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2019 OLCC Marijuana Report

2019 olcc marijuana report

On January 31, 2019, the Oregon Liquor Control Commission (“OLCC”) released its 2019 Recreational Marijuana Supply and Demand Legislative Report, intended to provide information to members of the Oregon State Senate and House of Representatives. The full report, along with a cover letter by OLCC Executive Director Steve Marks, can be found here.

The report evaluates production and sales within the time period of July 2017 through June 2018, using CTS data, and contains key findings that set the stage for additional legislation by the Oregon State Legislature. Possibly the most salient findings are that the supply exceeds demand by a factor of 2:1, and that, as of January 1, 2019, the recreational market has 6.5 years of theoretical supply in licensees’ inventory.

While the entire report is fascinating and should be reviewed thoroughly by all serious cannabis industry professionals, especially interesting is the discussion, beginning on page 19, of the various actual and potential policy considerations and decisions relative to the anticipated legislative desire to push down supply closer to current market demand. These considerations include maintaining the status quo, altering canopy size and ratios, license fee increases, and the institution of a license cap or moratorium.

We have long heard rumors about a potential moratorium on licenses, and there has been some legislative action on a bill to put a moratorium on producer licenses. The OLCC report approaches this topic cautiously and thoughtfully, arguing, among other things, that any cap or moratorium should be implemented carefully if at all, as such a cap or moratorium could have far-reaching, and perhaps unintended, effects on the supply and demand issue, such decreasing the amount of cannabis in the legal recreational market, but not decreasing the overall amount of cannabis in Oregon (i.e., increasing illegal grows).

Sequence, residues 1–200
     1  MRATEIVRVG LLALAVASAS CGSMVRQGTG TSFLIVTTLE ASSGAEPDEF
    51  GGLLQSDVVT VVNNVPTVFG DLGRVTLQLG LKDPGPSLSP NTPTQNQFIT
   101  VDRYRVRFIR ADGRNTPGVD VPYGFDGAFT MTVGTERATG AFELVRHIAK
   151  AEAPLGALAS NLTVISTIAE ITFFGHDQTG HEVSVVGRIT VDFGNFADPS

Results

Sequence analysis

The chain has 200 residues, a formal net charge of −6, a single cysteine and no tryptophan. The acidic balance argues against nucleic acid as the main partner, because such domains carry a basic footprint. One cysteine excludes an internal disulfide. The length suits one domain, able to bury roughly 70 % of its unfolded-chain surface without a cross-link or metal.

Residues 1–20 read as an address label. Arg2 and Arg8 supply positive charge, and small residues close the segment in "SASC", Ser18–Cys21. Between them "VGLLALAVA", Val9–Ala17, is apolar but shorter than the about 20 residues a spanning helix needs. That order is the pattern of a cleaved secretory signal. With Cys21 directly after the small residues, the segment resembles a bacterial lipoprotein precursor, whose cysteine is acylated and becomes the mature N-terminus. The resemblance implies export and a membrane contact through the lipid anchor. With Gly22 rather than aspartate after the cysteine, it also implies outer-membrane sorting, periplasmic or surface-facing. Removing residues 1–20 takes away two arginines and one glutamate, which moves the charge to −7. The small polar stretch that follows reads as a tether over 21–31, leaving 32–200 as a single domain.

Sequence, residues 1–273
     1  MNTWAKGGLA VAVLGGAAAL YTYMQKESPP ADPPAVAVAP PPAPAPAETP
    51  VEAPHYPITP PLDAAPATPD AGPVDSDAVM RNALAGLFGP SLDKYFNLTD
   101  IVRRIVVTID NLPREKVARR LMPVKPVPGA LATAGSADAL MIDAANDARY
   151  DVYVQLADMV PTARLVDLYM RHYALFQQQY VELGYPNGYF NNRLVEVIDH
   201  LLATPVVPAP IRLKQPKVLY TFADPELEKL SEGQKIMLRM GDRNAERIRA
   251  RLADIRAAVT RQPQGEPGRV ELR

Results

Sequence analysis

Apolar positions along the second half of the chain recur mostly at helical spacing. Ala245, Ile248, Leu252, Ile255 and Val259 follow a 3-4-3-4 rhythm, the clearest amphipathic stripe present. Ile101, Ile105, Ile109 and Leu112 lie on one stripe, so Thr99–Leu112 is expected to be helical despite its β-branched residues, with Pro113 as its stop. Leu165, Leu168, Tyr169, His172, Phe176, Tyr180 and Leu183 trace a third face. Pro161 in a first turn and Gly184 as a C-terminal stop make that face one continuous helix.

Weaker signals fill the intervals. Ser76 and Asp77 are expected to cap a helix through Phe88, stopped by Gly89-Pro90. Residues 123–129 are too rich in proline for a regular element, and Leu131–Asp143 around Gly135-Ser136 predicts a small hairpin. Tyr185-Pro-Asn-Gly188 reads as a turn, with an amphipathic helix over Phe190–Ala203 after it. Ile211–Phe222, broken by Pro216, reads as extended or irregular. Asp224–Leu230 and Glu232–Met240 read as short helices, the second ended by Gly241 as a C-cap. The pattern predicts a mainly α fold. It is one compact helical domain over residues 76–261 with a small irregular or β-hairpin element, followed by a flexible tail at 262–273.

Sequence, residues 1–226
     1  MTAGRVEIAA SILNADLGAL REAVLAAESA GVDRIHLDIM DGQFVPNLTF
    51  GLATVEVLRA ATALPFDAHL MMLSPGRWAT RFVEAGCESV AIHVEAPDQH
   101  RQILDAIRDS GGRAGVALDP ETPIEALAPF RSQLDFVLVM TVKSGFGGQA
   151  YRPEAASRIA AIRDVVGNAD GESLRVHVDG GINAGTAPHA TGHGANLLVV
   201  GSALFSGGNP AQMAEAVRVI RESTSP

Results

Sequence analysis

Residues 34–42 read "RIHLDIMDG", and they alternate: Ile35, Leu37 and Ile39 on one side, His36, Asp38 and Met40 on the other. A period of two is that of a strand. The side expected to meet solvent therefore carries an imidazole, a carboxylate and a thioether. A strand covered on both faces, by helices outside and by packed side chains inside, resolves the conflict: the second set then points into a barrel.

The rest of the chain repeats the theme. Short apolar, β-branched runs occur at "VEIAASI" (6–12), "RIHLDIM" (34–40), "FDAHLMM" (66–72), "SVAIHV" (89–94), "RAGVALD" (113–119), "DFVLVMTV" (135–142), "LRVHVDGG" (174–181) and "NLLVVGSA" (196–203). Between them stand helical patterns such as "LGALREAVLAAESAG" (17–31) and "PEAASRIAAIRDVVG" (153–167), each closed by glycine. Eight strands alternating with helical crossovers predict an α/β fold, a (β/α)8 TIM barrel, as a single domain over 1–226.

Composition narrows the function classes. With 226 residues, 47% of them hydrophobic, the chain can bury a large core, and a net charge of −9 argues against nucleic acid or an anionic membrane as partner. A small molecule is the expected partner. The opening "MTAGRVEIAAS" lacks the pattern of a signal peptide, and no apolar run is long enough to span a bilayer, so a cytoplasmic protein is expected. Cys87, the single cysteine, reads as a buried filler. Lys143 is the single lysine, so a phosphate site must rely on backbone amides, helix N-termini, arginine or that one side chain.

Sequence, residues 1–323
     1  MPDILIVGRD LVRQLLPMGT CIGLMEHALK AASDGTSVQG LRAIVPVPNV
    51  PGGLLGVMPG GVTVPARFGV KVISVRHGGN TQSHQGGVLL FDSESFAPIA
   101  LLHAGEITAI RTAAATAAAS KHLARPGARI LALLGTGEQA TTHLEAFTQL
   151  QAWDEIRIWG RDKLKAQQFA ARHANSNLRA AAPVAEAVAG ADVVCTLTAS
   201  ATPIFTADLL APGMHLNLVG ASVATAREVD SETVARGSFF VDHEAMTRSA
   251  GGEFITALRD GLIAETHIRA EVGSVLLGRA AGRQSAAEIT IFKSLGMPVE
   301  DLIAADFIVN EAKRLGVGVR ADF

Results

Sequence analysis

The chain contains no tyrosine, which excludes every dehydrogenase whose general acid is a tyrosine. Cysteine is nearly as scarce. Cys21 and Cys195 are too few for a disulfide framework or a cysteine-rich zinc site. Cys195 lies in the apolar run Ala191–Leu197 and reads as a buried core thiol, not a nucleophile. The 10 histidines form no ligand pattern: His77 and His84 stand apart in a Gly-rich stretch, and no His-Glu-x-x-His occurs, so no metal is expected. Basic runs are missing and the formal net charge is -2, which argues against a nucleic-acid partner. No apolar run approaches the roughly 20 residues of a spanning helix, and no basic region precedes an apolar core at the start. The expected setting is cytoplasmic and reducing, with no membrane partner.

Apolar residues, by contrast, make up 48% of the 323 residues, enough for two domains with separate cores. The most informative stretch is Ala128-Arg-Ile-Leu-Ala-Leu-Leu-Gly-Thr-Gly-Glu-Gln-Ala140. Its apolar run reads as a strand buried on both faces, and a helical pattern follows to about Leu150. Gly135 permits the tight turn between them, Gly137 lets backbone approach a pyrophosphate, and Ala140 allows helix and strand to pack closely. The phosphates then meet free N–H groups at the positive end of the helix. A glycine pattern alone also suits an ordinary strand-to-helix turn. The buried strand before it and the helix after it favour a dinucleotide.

Other than concluding that supply vastly outweighs demand, the only concrete conclusion in the report is that “any policies enacted with the purpose of creating equilibrium in the near-term will inherently have an effect on incumbents within the market.” In other words, if the legislature makes new law to address the oversupply issue, it will affect people currently in the cannabis industry.

Having now spent years helping our clients navigate the ever-changing Oregon cannabis industry, we are encouraged at the depth and thoughtfulness of this report, and we hope that the Oregon Legislature considers it carefully when crafting new legislation. We urge the legislature to eschew scoring political points by limiting supply in a dramatic and ill-advised manner, and instead to work carefully to implement legislative fixes to nurture the Oregon cannabis industry for years to come.

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Green Light Attorneys Perry N. Salzhauer, Daniel Shortt, and Brittany Adikes have joined McGlinchey Stafford